Sep 6, 2017

Trump says he'll "revisit" DACA if Congress doesn't act

Dave Lawler, author of World

Evan Vucci / AP

President Trump passed the issue of what to do with the so-called DREAMers that are shielded from deportation and granted work permits under DACA to Congress on Tuesday, rescinding the Obama-era measure with a 6-month delay.

Now, he says he'll "revisit" the issue if that window closes and Congress hasn't passed anything.

Why it matters: This means the issue isn't dead if Congress can't make a deal, but still leaves the status of 800,000 undocumented immigrants up in the air. It could also increase the restlessness of some conservatives who wanted Trump to do away with DACA and be done with it. Finally, hinting at a way out would seem to undermine Trump's efforts to pressure Congress to act.

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Coronavirus dashboard

Illustration: Sarah Grillo/Axios

  1. Global: Total confirmed cases as of 8 a.m. ET: 6,294,222 — Total deaths: 376,077 — Total recoveries — 2,711,241Map.
  2. U.S.: Total confirmed cases as of 8 a.m. ET: 1,811,277 — Total deaths: 105,147 — Total recoveries: 458,231 — Total tested: 17,340,682Map.
  3. Public health: Nearly 26,000 coronavirus deaths in nursing homes have been reported to federal health officials —Coronavirus looms over George Floyd protests across the country.
  4. Federal government: Trump lashes out at governors, calls for National Guard to "dominate" streets.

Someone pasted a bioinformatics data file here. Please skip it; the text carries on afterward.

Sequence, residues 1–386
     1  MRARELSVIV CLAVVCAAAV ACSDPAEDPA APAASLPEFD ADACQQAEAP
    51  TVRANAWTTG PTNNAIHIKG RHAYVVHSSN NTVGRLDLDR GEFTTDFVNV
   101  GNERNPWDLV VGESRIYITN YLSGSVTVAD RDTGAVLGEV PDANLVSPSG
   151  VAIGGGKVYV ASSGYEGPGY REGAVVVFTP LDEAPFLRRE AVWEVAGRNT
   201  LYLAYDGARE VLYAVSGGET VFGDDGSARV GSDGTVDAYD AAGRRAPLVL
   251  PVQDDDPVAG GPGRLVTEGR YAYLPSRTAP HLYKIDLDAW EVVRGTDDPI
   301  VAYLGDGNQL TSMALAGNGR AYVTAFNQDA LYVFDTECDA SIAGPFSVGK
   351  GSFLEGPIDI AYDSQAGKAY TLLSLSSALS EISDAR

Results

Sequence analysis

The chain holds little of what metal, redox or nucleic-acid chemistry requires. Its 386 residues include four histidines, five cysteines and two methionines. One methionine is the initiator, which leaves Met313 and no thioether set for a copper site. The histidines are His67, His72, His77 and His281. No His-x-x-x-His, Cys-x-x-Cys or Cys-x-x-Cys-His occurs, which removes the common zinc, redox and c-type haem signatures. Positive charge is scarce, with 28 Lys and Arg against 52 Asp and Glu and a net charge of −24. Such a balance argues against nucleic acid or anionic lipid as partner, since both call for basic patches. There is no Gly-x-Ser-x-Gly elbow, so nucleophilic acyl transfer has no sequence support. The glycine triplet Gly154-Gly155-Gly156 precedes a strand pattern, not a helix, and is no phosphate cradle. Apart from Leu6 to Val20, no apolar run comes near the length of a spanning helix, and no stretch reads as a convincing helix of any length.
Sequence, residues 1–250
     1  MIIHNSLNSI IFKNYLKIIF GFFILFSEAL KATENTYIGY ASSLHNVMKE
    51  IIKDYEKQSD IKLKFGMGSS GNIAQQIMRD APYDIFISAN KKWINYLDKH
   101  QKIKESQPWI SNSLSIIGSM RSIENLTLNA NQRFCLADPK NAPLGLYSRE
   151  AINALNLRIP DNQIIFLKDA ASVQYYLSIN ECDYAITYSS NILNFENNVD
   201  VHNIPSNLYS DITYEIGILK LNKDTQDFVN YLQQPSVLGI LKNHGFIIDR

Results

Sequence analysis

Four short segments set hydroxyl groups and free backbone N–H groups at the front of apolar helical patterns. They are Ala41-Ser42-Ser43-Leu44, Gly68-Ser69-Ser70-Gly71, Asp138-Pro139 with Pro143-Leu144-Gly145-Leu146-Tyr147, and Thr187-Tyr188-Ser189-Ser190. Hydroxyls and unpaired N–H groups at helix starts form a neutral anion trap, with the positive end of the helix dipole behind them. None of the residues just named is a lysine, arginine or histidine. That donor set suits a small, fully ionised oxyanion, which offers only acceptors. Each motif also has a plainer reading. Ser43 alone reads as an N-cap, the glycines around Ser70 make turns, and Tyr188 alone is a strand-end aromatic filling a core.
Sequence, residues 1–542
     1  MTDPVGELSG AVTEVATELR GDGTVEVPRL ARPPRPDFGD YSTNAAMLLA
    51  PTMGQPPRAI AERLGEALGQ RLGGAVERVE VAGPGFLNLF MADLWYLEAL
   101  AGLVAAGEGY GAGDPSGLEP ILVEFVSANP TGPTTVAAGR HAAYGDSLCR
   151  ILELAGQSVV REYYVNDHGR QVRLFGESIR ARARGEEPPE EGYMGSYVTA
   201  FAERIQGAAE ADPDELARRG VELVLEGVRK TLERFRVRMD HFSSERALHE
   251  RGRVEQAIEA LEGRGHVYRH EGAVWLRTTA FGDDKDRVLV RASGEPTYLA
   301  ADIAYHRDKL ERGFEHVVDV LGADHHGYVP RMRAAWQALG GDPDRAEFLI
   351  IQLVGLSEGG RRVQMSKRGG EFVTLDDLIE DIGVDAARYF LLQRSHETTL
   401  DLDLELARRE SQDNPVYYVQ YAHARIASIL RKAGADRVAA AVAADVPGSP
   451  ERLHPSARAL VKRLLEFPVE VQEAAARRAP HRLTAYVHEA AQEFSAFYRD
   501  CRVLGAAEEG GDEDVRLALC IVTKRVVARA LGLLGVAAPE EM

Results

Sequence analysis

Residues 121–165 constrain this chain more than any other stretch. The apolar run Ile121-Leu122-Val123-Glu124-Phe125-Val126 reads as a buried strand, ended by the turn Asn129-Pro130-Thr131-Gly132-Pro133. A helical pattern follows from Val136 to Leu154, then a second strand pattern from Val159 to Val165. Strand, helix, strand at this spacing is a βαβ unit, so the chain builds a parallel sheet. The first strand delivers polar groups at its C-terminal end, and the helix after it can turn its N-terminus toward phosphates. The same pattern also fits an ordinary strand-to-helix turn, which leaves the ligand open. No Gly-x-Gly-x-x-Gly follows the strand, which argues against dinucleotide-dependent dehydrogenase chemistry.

5. World: Former FDA commissioner says "this is not the time" to cut ties with WHO.
  6. 🎧 Podcast: The virus didn't go away.

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Adapted from EPI analysis of Bureau of Labor Statistics data; Chart: Andrew Witherspoon/Axios

As is often the case, the staggering job losses in the coronavirus-driven recession have been worse for black workers.

By the numbers: According to a report from the Economic Policy Institute, titled "Racism and economic inequality have predisposed black workers to be most hurt by coronavirus pandemic," more than 1 in 6 black workers lost their jobs between February and April.

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Reproduced from Congressional Budget Office; Chart: Axios Visuals

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